CaltechAUTHORS
  A Caltech Library Service

Transport and erosional processes in the Taurus-Littrow Valley -- Inferences from neutron fluences in surface soils

Curtis, David B. and Wasserburg, G. J. (1977) Transport and erosional processes in the Taurus-Littrow Valley -- Inferences from neutron fluences in surface soils. In: Proceedings of the Eighth Lunar Science Conference. Pergamon Press , New York, NY, pp. 3045-3057. ISBN 9780080220529. http://resolver.caltech.edu/CaltechAUTHORS:20141008-094651986

Full text is not posted in this repository. Consult Related URLs below.

Use this Persistent URL to link to this item: http://resolver.caltech.edu/CaltechAUTHORS:20141008-094651986

Abstract

Isotopic abundances of Gd and Sm have been measured in 15 surface soils from the Apollo 17 site in the Taurus-Littrow Valley. Generally the fluences at this site are similar to fluences measured in surface soils from other sites. Fluences calculated from the isotopic shifts directly reflect the origin of the soils. Materials with very low fluences are from the ejecta blankets of fresh deep craters. Soils composed predominantly of comminuted basalt, other than the ejecta from deep craters, have fluences that are distinctly lower than soils which contain significant proportions of highland materials. Differences in the chemical composition of the irradiated material can account for differences in measured fluence in basaltic soils from the valley floor and highland soils from the South Massif. To permit a direct comparison of the irradiation history of materials with different chemical compositions, we have calculated "normalized" fluences, i.e., the neutron fluence which the sample would have if it had been irradiated in a standard chemical composition. The similarity of the resulting normalized fluences indicates similar regolith residence times for these two types of materials. Higher than average normalized fluences in soils containing a constituent from the North Massif may reflect erosion and/or burial rates on the slopes of the massif that are less than the average burial rate of all the soils that have been sampled. A correlation between fluence and distance from the bottom of the North Massif suggests the erosional processes deposit highland soils from near the surface far into the valley, while materials of deeper origin are deposited close to the bottom of the massif.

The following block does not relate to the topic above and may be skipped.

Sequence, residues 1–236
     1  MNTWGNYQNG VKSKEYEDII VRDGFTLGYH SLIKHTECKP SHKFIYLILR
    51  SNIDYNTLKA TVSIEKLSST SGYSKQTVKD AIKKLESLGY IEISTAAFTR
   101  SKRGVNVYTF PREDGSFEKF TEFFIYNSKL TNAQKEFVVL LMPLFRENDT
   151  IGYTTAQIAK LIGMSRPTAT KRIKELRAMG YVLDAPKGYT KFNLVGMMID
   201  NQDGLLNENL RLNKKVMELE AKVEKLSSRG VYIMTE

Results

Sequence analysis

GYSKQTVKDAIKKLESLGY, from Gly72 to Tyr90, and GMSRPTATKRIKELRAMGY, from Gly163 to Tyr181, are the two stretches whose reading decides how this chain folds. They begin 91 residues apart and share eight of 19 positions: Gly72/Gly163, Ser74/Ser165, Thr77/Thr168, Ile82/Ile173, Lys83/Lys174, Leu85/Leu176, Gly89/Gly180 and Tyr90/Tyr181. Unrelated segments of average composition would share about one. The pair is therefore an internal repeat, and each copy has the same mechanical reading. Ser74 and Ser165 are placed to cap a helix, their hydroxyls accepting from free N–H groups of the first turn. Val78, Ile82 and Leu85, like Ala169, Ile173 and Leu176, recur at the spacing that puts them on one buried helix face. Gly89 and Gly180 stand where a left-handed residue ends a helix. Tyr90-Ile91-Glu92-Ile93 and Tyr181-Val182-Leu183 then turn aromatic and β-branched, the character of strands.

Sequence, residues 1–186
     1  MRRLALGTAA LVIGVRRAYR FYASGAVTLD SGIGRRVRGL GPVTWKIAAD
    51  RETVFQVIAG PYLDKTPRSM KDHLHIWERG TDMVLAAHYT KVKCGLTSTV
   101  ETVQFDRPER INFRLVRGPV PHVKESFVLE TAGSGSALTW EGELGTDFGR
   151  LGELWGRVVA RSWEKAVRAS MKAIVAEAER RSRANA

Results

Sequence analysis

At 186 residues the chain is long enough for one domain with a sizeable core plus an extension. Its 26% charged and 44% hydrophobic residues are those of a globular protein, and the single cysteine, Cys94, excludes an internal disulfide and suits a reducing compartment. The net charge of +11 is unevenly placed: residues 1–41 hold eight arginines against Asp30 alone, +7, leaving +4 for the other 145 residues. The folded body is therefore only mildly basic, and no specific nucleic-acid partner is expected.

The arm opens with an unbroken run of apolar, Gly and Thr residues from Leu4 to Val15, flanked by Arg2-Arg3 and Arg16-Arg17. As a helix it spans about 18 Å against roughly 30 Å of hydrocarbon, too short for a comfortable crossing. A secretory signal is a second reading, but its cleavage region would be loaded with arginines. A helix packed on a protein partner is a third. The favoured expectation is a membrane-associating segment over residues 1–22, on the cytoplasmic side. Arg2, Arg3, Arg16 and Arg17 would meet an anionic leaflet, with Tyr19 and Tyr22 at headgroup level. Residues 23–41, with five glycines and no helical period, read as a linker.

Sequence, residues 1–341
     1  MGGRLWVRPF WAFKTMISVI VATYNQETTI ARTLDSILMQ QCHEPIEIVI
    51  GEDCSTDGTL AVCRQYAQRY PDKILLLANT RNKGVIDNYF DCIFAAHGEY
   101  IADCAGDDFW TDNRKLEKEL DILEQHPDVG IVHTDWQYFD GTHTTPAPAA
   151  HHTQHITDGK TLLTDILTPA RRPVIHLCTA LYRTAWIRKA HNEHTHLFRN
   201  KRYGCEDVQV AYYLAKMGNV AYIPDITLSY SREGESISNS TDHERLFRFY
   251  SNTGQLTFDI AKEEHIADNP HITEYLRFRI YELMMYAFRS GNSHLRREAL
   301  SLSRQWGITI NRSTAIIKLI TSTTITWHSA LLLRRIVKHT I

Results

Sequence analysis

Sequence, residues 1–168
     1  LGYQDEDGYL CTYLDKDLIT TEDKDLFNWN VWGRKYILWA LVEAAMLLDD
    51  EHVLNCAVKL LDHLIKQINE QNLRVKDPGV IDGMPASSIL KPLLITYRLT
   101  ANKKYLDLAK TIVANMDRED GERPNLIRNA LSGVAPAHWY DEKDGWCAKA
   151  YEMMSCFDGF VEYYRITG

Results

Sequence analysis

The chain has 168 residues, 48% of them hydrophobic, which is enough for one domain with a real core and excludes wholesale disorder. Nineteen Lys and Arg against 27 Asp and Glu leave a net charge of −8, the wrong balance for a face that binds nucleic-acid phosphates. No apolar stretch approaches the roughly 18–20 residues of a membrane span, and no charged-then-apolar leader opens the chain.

Item Type:Book Section
Related URLs:
URLURL TypeDescription
http://www.lpi.usra.edu/meetings/lsc1977/OrganizationConference Website
Additional Information:© 1977 Pergamon Press. We wish to express our appreciation to astronauts Eugene A. Ceman, Ronald E. Evans, and Harrison H. Schmitt and to those who suggested the rapid sampling device that made this study possible. This work was supported by National Aeronautics and Space Administration grant NGL-05-022-188. This paper constitutes Contribution No. 2900 of the Division of Geological and Planetary Sciences at the California Institute of Technology, Pasadena, California.
Funders:
Funding AgencyGrant Number
NASANGL-05-022-188
Other Numbering System:
Other Numbering System NameOther Numbering System ID
Caltech Division of Geological and Planetary Sciences2900
Record Number:CaltechAUTHORS:20141008-094651986
Persistent URL:http://resolver.caltech.edu/CaltechAUTHORS:20141008-094651986
Usage Policy:No commercial reproduction, distribution, display or performance rights in this work are provided.
ID Code:50260
Collection:CaltechAUTHORS
Deposited By: Tony Diaz
Deposited On:09 Oct 2014 23:04
Last Modified:09 Oct 2014 23:04

Repository Staff Only: item control page